But despite touting new initiatives, digital platforms, and marketing techniques (and lowering its goal by 12,000 in 2019 amid a more modest growth plan in the next five years), the Army is not in the clear yet. The service's new initiatives should be the expectation rather than considered innovative — and if the Army really wants to make good on its modernization promises, it has to ask hard questions about current processes.
The Army's modern outreach initiatives have certainly seen initial success. Army representation in 22 cities without traditionally strong recruitment saw an average 15 percent increase in enlistments, according to U.S. Army Recruiting Command (USAREC), including a "double-digit lift with females and minorities" that increased the number of women in the Army by nearly an entire percent (17.1 to 18 percent). Many young women do not see themselves as having a role in the military, highlighting the importance of these gains.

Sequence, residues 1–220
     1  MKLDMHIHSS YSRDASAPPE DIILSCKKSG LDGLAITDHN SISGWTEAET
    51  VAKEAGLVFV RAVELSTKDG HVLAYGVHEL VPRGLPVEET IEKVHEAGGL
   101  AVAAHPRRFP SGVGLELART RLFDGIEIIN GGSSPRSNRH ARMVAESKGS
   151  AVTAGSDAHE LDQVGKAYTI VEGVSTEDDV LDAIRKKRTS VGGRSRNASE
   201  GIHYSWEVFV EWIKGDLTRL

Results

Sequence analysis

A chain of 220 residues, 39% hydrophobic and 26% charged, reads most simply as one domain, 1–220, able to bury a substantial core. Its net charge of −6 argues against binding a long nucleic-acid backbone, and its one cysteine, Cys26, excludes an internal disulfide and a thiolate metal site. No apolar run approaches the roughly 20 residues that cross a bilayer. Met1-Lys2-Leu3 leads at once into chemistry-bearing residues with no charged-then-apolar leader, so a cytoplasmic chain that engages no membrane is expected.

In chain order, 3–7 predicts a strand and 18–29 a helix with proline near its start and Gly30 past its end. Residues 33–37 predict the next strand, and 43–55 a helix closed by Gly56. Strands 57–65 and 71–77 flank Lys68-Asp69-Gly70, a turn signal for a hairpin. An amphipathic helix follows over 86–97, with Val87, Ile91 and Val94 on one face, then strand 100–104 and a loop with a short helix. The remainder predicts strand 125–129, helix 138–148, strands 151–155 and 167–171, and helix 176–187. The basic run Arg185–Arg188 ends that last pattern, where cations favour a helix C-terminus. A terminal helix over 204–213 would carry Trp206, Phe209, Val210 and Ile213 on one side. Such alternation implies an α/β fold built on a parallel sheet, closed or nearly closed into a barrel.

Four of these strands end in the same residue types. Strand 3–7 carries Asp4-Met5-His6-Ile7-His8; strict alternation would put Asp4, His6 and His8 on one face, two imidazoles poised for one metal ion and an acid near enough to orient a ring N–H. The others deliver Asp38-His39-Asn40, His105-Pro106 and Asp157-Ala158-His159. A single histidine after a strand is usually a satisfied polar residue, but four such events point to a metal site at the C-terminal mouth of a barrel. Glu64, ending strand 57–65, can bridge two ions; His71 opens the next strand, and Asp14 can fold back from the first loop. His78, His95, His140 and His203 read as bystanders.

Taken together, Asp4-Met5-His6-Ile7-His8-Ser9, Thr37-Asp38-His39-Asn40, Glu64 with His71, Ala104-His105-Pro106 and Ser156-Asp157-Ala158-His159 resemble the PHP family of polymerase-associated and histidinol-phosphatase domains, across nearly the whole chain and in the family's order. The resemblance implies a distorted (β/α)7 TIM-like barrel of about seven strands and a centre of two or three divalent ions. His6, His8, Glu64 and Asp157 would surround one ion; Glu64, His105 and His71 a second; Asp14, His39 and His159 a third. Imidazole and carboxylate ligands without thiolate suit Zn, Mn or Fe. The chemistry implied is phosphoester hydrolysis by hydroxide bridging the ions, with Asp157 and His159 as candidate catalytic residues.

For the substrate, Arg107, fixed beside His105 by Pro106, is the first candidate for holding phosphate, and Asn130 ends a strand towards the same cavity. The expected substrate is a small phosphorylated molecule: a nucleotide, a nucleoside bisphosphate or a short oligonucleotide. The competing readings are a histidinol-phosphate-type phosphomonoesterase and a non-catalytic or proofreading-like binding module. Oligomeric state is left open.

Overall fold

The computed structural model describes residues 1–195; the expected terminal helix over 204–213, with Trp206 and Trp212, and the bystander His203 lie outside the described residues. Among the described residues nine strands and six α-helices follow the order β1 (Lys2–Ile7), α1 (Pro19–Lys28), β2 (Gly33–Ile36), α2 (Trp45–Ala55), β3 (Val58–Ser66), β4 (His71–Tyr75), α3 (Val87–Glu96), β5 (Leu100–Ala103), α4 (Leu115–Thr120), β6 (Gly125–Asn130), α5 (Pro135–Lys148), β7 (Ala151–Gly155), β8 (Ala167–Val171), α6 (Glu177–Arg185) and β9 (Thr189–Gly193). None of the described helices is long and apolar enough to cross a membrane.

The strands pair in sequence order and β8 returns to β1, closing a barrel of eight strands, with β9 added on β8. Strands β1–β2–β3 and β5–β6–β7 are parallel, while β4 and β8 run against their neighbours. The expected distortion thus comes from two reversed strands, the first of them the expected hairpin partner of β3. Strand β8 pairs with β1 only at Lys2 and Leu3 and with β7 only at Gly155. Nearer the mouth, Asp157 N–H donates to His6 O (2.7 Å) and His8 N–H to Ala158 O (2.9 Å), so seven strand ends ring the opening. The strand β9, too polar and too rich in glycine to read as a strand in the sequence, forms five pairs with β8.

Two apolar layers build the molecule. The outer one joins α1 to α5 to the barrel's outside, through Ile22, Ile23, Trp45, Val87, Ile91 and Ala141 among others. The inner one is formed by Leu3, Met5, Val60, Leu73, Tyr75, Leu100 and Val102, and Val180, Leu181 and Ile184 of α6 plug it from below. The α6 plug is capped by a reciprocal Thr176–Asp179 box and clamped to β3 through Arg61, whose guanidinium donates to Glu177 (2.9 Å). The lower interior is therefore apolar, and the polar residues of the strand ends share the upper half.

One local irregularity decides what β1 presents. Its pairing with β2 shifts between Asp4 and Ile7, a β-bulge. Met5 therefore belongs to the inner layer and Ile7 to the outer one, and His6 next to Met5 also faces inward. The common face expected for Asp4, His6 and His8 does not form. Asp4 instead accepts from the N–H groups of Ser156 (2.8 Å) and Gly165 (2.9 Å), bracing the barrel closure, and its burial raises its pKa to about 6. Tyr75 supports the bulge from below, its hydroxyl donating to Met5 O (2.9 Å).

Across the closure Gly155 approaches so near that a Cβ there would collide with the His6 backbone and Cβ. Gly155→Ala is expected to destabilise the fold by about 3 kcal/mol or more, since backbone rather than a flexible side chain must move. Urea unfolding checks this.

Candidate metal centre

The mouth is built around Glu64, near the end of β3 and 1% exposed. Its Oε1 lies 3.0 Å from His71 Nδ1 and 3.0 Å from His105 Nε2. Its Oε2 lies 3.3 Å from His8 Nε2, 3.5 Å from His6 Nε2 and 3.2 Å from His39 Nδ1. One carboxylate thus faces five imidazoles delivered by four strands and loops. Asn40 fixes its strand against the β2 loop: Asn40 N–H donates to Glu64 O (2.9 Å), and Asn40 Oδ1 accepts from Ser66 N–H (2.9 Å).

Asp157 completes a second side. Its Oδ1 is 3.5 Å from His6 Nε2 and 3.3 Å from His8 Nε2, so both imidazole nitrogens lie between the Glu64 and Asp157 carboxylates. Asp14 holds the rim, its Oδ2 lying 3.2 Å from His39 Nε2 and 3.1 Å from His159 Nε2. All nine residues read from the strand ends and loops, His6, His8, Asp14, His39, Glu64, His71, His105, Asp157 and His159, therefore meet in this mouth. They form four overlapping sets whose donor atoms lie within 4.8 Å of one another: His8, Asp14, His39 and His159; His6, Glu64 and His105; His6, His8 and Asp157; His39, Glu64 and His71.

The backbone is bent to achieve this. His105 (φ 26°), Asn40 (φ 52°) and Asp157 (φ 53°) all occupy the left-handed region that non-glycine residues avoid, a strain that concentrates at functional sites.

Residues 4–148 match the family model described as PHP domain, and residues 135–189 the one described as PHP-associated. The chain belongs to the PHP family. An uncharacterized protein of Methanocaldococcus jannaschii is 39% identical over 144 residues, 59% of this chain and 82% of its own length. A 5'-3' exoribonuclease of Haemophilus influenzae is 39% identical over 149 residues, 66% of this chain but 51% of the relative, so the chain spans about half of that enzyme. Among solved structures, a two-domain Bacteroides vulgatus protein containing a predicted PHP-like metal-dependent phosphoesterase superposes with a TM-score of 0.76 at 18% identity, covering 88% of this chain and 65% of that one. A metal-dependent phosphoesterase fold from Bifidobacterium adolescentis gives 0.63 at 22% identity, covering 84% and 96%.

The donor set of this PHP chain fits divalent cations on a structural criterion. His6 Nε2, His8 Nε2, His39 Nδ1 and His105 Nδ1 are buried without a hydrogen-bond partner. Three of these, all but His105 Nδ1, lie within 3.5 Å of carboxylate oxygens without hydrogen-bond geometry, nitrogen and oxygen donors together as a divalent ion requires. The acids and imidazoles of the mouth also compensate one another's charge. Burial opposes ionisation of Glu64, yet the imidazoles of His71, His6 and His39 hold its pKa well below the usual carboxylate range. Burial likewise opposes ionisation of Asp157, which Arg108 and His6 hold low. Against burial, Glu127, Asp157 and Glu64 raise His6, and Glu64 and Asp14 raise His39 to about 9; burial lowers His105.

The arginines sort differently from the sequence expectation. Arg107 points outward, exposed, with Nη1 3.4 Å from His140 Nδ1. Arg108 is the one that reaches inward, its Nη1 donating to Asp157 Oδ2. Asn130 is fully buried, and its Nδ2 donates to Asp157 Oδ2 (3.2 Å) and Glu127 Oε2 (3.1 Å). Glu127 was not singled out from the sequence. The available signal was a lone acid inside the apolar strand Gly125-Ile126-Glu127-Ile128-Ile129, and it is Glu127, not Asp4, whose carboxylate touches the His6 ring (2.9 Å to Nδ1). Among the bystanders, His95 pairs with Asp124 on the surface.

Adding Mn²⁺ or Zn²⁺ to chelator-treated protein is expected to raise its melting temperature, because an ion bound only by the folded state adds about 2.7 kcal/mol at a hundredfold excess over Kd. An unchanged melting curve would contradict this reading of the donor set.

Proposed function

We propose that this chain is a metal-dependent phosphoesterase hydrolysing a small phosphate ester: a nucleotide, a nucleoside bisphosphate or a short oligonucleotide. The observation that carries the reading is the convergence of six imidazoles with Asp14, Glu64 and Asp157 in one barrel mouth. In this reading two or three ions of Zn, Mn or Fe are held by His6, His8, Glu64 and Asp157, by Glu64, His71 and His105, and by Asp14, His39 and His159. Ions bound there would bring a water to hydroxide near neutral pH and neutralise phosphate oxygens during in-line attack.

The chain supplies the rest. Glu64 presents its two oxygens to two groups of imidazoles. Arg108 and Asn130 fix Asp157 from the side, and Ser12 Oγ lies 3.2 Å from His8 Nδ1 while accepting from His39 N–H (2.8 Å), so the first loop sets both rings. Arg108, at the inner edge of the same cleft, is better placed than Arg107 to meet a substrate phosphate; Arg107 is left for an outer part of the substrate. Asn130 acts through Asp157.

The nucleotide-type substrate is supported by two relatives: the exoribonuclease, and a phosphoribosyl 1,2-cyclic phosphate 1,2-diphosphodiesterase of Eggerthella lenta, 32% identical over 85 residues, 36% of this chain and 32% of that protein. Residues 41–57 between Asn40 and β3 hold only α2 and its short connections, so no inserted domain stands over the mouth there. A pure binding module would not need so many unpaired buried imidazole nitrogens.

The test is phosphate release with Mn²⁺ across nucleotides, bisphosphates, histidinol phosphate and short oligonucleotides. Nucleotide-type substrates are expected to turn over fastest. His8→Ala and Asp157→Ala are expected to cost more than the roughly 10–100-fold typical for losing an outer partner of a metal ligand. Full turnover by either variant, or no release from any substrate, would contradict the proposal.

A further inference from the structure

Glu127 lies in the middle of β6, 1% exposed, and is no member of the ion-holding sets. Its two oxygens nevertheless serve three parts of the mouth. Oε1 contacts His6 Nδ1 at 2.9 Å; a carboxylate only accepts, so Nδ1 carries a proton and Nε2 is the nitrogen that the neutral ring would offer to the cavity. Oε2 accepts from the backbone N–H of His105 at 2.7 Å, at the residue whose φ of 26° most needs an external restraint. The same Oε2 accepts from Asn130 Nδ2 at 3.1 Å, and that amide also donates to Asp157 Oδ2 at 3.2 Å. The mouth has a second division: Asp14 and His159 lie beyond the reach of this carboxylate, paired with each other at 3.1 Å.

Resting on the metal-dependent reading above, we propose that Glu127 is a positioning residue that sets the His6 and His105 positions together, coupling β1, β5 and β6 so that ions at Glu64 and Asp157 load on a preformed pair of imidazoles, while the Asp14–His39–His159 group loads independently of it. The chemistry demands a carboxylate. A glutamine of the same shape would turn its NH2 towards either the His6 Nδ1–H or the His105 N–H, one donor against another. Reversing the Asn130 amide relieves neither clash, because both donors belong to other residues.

New tools are making a difference, too. The service's 44 new virtual recruiting stations led to 3,000 enlistment contracts alone, according to USAREC commander Maj. Gen. Frank Muth; social media sites offered a new point of contact and information sharing, while the e-sports and warrior fitness teams garnered millions of impressions.
Read the full article in Task & Purpose.
Learn more from Emma Moore's January 2019 piece in Task & Purpose about the potential lessons from the British Army's recruitment campaign:
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